HKSAR govt requires U.S. to withdraw its new requirement on origin marking

The government of Hong Kong Special Administrative Region (HKSAR) on Wednesday formally took issue with the U.S. government over the new requirement announced by U.S. Customs and Border Protection (CBP) on August 11 in respect of the origin marking of Hong Kong products, and requested that the requirement be withdrawn immediately.

"The U.S.' unilateral and irresponsible attempt to weaken Hong Kong's status as a separate customs territory is highly inappropriate. Such a move also confuses the market and undermines the rules-based multilateral trading system," according to a statement released by the HKSAR government quoting the Secretary for Commerce and Economic Development Edward Yau.

"As a responsible WTO member, Hong Kong always abides by WTO rules. The action taken by the HKSAR government today is in accordance with the spirit and practices of the WTO. It is an important step before taking action against the U.S. under the WTO framework with a view to resolving the matter first at a bilateral level," Yau said.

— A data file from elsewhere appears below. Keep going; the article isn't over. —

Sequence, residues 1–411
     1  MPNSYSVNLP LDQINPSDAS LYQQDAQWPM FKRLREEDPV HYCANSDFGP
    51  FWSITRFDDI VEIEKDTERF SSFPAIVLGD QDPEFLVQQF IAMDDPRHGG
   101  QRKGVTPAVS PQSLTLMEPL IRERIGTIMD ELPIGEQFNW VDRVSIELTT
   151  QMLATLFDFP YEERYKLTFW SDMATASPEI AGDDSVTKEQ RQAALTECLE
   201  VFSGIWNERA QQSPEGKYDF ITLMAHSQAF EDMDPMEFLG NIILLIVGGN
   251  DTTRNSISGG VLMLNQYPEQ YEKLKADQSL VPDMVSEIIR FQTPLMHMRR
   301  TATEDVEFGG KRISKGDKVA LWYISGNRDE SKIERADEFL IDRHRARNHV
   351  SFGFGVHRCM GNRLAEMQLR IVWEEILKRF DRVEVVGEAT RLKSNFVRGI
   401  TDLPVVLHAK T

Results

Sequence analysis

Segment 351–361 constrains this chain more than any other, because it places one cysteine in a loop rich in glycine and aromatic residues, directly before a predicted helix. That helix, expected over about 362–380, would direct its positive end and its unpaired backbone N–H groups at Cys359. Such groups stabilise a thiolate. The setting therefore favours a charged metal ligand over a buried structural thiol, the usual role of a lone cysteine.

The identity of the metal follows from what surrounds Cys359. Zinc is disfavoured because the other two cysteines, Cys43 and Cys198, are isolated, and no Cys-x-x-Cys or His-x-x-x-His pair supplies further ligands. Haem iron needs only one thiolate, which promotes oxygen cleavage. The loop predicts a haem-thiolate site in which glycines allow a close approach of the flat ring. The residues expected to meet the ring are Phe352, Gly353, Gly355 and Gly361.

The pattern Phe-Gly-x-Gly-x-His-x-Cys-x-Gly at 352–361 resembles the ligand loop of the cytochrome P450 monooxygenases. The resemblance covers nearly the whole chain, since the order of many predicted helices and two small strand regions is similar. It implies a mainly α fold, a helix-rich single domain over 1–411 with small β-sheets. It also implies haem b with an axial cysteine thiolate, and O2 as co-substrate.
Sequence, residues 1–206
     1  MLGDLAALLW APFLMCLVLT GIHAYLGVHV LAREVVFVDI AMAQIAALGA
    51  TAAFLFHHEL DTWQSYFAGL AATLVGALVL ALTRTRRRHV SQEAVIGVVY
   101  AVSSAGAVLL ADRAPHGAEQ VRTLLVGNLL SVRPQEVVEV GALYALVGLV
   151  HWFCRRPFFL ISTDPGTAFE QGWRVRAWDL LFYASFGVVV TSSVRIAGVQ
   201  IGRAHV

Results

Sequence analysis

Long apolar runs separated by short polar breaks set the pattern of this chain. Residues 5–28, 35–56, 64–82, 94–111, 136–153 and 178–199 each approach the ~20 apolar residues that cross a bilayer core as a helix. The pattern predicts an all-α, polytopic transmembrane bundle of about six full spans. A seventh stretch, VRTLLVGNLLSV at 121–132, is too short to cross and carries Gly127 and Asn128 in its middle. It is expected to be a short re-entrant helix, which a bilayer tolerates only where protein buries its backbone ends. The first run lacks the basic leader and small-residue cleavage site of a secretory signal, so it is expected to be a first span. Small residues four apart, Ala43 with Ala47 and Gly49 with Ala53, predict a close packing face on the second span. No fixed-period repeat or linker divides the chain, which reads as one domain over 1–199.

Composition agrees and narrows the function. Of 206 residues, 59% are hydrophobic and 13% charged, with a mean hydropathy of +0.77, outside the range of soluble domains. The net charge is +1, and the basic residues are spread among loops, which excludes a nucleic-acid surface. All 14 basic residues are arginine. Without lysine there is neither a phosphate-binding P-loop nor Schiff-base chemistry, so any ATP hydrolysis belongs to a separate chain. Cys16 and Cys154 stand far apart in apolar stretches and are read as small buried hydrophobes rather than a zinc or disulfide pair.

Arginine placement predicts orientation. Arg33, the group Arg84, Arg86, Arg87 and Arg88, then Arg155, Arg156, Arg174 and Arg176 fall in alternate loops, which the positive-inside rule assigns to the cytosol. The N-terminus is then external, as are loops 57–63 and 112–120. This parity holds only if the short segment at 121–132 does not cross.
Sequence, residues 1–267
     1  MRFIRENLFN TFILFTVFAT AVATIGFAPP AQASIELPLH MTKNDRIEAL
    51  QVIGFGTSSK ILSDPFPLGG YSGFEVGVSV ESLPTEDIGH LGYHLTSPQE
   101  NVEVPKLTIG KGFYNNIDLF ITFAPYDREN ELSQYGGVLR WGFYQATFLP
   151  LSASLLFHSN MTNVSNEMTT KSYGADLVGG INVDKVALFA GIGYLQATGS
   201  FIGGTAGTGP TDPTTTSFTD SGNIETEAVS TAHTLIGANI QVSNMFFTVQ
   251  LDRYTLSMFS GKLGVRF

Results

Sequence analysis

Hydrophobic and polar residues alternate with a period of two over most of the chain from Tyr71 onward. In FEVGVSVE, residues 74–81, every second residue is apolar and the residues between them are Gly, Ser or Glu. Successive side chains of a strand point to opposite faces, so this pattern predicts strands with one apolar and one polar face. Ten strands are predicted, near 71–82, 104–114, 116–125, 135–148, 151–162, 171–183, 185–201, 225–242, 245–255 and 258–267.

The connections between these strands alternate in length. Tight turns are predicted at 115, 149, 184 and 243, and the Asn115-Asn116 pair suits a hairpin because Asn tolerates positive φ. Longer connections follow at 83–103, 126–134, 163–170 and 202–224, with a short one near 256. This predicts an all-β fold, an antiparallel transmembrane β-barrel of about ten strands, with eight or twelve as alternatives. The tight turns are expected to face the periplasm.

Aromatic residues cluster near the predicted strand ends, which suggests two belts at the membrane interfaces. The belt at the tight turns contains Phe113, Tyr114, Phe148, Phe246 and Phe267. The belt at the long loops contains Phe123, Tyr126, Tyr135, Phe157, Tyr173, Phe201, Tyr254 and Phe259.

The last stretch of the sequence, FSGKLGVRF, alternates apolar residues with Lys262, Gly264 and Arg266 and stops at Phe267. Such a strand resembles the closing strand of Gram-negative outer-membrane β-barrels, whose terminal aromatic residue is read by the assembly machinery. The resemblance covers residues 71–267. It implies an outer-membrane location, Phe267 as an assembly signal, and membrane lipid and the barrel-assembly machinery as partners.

Yau reiterated that under the principle of "one country, two systems," the HKSAR is an inalienable part of the People's Republic of China and the mainland has conferred a special status to the HKSAR through the Basic Law.

Pursuant to Articles 116, 151 and 152 of the Basic Law, the HKSAR is a separate customs territory and may, using the name "Hong Kong, China," participate in international organizations such as the WTO and Asia-Pacific Economic Cooperation as a separate member, and develop mutually beneficial economic and trade relations with economies around the world, he added.